Argument Passing

Setup the argument for user program in process_exec()

x86-64 Calling Convention

This section summarizes important points of the convention used for normal function calls on 64-bit x86-64 implementations of Unix. Some details are omitted for brevity. For more detail, you can refer System V AMD64 ABI.

The calling convention works like this:

  1. User-level applications use as integer registers for passing the sequence %rdi, %rsi, %rdx, %rcx, %r8 and %r9.
  2. The caller pushes the address of its next instruction (the return address) on the stack and jumps to the first instruction of the callee. A single x86-64 instruction, CALL, does both.
  3. The callee executes.
  4. If the callee has a return value, it stores it into register RAX.
  5. The callee returns by popping the return address from the stack and jumping to the location it specifies, using the x86-64 RET instruction.

Consider a function f() that takes three int arguments. This diagram shows a sample stack frame and register state as seen by the callee at the beginning of step 3 above, supposing that f() is invoked as f(1, 2, 3). The initial stack address is arbitrary:

stack pointer --> 0x4747fe70 | return address |
RDI: 0x0000000000000001 | RSI: 0x0000000000000002 | RDX: 0x0000000000000003

Program Startup Details

The Pintos C library for user programs designates _start(), in lib/user/entry.c, as the entry point for user programs. This function is a wrapper around main() that calls exit() if main() returns:

_start (int argc, char *argv[]) {
    exit (main (argc, argv));

The kernel must put the arguments for the initial function on the register before it allows the user program to begin executing. The arguments are passed in the same way as the normal calling convention.

Consider how to handle arguments for the following example command: /bin/ls -l foo bar.

  1. Break the command into words: /bin/ls, -l, foo, bar.

  2. Place the words at the top of the stack. Order doesn't matter, because they will be referenced through pointers.

  3. Push the address of each string plus a null pointer sentinel, on the stack, in right-to-left order. These are the elements of argv. The null pointer sentinel ensures that argv[argc] is a null pointer, as required by the C standard. The order ensures that argv[0] is at the lowest virtual address. Word-aligned accesses are faster than unaligned accesses, so for best performance round the stack pointer down to a multiple of 8 before the first push.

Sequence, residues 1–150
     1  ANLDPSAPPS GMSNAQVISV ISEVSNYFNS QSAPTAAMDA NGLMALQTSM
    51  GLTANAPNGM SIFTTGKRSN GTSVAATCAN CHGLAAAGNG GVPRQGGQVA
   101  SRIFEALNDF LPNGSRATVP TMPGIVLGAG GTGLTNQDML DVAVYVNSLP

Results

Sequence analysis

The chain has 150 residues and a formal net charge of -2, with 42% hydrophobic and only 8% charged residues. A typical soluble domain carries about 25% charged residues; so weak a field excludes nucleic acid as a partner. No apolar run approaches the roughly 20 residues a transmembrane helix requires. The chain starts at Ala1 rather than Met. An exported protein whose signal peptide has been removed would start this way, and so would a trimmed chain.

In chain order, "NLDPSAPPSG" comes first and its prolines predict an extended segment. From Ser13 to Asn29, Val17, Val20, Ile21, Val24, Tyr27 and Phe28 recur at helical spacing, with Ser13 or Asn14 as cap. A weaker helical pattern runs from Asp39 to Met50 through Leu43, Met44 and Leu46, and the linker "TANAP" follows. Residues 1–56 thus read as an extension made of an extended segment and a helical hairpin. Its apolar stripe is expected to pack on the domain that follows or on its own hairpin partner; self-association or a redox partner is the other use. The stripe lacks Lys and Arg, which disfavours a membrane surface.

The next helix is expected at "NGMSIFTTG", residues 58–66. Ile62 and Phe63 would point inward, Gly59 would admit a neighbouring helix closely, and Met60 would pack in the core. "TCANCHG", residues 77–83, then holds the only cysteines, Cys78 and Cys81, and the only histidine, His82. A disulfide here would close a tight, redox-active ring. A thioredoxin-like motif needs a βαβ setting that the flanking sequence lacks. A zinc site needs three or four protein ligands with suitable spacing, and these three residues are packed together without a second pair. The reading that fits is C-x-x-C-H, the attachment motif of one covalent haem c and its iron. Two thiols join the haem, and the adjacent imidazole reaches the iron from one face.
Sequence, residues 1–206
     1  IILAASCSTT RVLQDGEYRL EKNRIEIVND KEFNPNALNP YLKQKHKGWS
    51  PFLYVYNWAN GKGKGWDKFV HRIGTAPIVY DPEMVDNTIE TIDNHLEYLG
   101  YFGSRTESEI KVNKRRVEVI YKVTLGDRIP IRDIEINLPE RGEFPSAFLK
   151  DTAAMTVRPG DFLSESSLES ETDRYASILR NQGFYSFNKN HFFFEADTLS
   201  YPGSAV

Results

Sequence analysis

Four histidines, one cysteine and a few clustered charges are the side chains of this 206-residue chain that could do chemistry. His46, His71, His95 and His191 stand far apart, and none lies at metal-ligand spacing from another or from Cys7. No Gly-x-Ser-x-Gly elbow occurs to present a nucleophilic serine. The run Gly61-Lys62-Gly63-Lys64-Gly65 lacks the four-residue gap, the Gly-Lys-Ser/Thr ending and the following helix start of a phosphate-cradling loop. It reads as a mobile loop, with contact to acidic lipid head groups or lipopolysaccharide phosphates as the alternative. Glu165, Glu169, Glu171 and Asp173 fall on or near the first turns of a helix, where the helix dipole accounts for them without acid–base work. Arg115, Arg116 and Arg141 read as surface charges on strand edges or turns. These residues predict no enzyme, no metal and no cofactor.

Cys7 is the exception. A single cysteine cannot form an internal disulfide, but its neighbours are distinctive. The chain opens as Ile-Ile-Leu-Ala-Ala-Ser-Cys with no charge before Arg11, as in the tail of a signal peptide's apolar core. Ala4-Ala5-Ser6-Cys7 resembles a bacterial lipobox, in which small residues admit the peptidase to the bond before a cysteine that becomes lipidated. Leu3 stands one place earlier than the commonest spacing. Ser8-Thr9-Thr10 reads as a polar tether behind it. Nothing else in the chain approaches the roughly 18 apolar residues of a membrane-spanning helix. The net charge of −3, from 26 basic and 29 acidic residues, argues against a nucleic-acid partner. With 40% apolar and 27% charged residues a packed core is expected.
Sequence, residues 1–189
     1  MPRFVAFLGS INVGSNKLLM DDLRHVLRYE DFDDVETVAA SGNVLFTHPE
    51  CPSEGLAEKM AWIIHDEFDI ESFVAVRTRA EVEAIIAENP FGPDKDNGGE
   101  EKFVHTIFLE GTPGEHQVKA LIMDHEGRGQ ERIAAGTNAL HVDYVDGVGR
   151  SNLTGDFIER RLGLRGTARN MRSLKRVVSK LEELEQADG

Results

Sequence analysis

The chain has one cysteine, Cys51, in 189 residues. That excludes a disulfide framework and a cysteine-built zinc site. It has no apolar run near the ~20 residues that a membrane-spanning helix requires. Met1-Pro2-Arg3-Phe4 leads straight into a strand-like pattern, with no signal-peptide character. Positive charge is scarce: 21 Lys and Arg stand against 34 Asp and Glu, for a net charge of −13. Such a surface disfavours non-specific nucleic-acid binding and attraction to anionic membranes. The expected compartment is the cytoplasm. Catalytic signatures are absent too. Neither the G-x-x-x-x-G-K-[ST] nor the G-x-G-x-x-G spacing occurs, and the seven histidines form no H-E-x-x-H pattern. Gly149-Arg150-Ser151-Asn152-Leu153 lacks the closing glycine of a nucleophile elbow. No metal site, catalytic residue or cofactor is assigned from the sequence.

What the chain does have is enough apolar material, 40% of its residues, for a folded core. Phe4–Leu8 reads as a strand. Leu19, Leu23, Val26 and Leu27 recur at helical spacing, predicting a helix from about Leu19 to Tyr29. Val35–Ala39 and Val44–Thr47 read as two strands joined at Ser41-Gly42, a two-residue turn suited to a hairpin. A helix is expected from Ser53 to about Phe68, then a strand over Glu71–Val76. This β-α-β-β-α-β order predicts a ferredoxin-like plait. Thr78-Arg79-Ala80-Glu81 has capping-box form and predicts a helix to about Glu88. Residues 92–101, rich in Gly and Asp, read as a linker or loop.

4. Point %rsi to argv (the address of argv[0]) and set %rdi to argc.

  5. Finally, push a fake "return address": although the entry function will never return, its stack frame must have the same structure as any other.

The table below shows the state of the stack and the relevant registers right before the beginning of the user program. Note that the stack grows down.

Address Name Data Type
0x4747fffc argv[3][...] 'bar\0' char[4]
0x4747fff8 argv[2][...] 'foo\0' char[4]
0x4747fff5 argv[1][...] '-l\0' char[3]
0x4747ffed argv[0][...] '/bin/ls\0' char[8]
0x4747ffe8 word-align 0 uint8_t[]
0x4747ffe0 argv[4] 0 char *
0x4747ffd8 argv[3] 0x4747fffc char *
0x4747ffd0 argv[2] 0x4747fff8 char *
0x4747ffc8 argv[1] 0x4747fff5 char *
0x4747ffc0 argv[0] 0x4747ffed char *
0x4747ffb8 return address 0 void (*) ()

RDI: 4 | RSI: 0x4747ffc0

In this example, the stack pointer would be initialized to 0x4747ffb8 As shown above, your code should start the stack at the USER_STACK, which is defined in include/threads/vaddr.h.

You may find the non-standard hex_dump() function, declared in <stdio.h>, useful for debugging your argument passing code.

Implement the argument passing.

Currently, process_exec() does not support passing arguments to new processes. Implement this functionality, by extending process_exec() so that instead of simply taking a program file name as its argument, it divides it into words at spaces. The first word is the program name, the second word is the first argument, and so on. That is, process_exec("grep foo bar") should run grep passing two arguments foo and bar.

Within a command line, multiple spaces are equivalent to a single space, so that process_exec("grep foo bar") is equivalent to our original example. You can impose a reasonable limit on the length of the command line arguments. For example, you could limit the arguments to those that will fit in a single page (4 kB). (There is an unrelated limit of 128 bytes on command-line arguments that the pintos utility can pass to the kernel.)

You can parse argument strings any way you like. If you're lost, look at strtok_r(), prototyped in include/lib/string.h and implemented with thorough comments in lib/string.c. You can find more about it by looking at the man page (run man strtok_r at the prompt).

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